A Home-Based Business Opportunity That Started with Beekeeping


| 4/26/2013 2:00:00 PM


Tags: beekeeping, home-based business, csa,

I didn't expect to catch “bee fever” when I first started beekeeping. The initial idea had been to aid in the pollination of our vegetable garden and to increase our family's self-sufficiency, but after my first summer as a beekeeper I was hooked. I had to have more. Soon my life became all about bees. There was no local beekeeping group, so I established the Somerset Beekeepers, a chapter of the Maine State Beekeepers Association, and was promptly elected president of the group. Apparently, when you take the initiative to start something like that, people automatically assume you've got what it takes to lead. Being a master gardener and beekeeper was a good marriage for me; I went to surrounding communities talking to the public about pollinators, their benefits, why they are at risk and what we can do to help them.

As I expanded my apiary to cover the expenses of equipment, I sold a few jars of honey under the name of “Runamuk” (inspired by our rowdy boys) Runamuk Apiaryand quickly realized the demand for local honey — for raw honey like mine. I'd always wanted a homestead of my own, but since I am a stay-at-home homeschooling mom, our family is limited to a single paycheck and a tight budget. That, in addition to the fact that we rent a home on one acre in town, held us back. But I began to see the possibilities that beekeeping and gardening were opening up to me. I became determined to earn an income of my own, with a home-based business as I continued to homeschool my boys, in order to fulfill my dream of home ownership and homesteading bliss.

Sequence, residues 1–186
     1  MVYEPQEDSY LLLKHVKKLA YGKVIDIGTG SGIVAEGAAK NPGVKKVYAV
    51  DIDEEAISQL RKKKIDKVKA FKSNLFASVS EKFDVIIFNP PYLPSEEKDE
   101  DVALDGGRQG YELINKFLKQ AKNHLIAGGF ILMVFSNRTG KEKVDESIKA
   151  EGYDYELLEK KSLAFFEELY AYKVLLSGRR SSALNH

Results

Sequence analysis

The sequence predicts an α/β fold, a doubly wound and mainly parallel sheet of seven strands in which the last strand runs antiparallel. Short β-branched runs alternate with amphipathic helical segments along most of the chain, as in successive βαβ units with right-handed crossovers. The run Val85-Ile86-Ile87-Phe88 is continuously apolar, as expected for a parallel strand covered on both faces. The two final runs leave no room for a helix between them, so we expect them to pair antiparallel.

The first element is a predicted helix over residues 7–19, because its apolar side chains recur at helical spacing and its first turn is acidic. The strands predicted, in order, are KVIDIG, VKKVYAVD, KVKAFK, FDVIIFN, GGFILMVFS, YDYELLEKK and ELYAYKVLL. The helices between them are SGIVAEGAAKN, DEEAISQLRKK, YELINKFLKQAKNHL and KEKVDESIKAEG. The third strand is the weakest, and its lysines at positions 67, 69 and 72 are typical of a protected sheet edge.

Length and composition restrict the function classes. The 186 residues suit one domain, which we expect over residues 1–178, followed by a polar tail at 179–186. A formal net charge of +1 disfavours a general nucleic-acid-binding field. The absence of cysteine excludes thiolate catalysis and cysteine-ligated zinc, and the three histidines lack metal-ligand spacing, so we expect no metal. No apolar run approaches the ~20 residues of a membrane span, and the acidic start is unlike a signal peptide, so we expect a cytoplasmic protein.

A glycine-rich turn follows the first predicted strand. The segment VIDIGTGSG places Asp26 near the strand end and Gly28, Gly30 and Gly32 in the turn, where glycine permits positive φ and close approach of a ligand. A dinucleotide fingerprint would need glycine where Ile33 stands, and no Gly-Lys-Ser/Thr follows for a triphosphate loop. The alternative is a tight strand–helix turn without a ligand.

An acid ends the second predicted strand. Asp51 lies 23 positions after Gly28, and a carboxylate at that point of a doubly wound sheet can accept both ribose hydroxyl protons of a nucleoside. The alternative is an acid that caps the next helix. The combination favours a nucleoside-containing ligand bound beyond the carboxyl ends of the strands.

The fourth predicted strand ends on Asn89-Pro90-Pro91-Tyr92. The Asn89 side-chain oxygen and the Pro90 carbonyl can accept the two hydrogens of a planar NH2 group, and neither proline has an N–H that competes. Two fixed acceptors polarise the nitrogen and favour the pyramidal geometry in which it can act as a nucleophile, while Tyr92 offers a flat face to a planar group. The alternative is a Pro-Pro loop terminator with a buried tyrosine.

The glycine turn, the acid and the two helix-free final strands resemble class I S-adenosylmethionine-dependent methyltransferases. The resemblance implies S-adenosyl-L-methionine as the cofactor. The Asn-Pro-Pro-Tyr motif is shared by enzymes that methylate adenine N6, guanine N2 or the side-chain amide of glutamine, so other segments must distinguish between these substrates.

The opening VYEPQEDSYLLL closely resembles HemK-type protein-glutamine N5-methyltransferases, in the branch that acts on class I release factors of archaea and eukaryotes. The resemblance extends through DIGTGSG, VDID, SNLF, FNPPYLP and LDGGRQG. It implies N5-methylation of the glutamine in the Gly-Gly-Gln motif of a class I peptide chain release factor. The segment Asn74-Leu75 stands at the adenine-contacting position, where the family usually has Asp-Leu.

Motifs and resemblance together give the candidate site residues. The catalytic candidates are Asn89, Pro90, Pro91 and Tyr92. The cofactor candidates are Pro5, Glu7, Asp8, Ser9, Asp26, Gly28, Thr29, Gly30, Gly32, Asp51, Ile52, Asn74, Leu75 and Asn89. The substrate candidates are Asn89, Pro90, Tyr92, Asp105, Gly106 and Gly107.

We plunged in head first, offering a community-supported agriculture program (CSA) out of our backyard, selling seedlings and honey roadside, and continuing with Runamuk's message of pollinator conservation. My husband and I participated in the Xerces Society Pollinator Conservation short course offered by the Maine Organic Farmers and Gardeners Association (MOFGA), and certified our micro farm as “bee-friendly” with the Partners for Sustainable Pollination. That first year as serious farmers I learned a valuable lesson — Mother Nature does not care one whit how carefully you craft your business plan, and anyone who is serious about any aspect of farming must learn to roll with the punches that She delivers.

I expanded the Runamuk apiary from two to six hives by making splits from the parent colonies, situating four of them on an organic farm nearby. Spring came on early and hot — good for bees, but also good for parasitic mites like Varroa. Then there came a long rainy spell in June, which confined the bees to the hives where they ate surplus stores; in such close quarters the pests multiply rapidly, and it proved a challenge to build up the hives to an adequate level before Maine's long, cold winter arrived.

Plunging into a CSA program meant we had to expand our gardens, but in order to break up a new plot with the tiller we first had to wait for the backyard to dry after the muddy season. This meant that some crops were planted late. Some crops were washed out in the long, rainy spell. And then there were the weeds brought to the surface by our rushed tilling job.

Looking back, it would have been better to prepare the bed the year before a new garden was to be planted, to kill off the newly exposed weed seeds. But hindsight is 20-20, and as it was I spent a lot of time trying to keep up with the weeds in order to save my crops.




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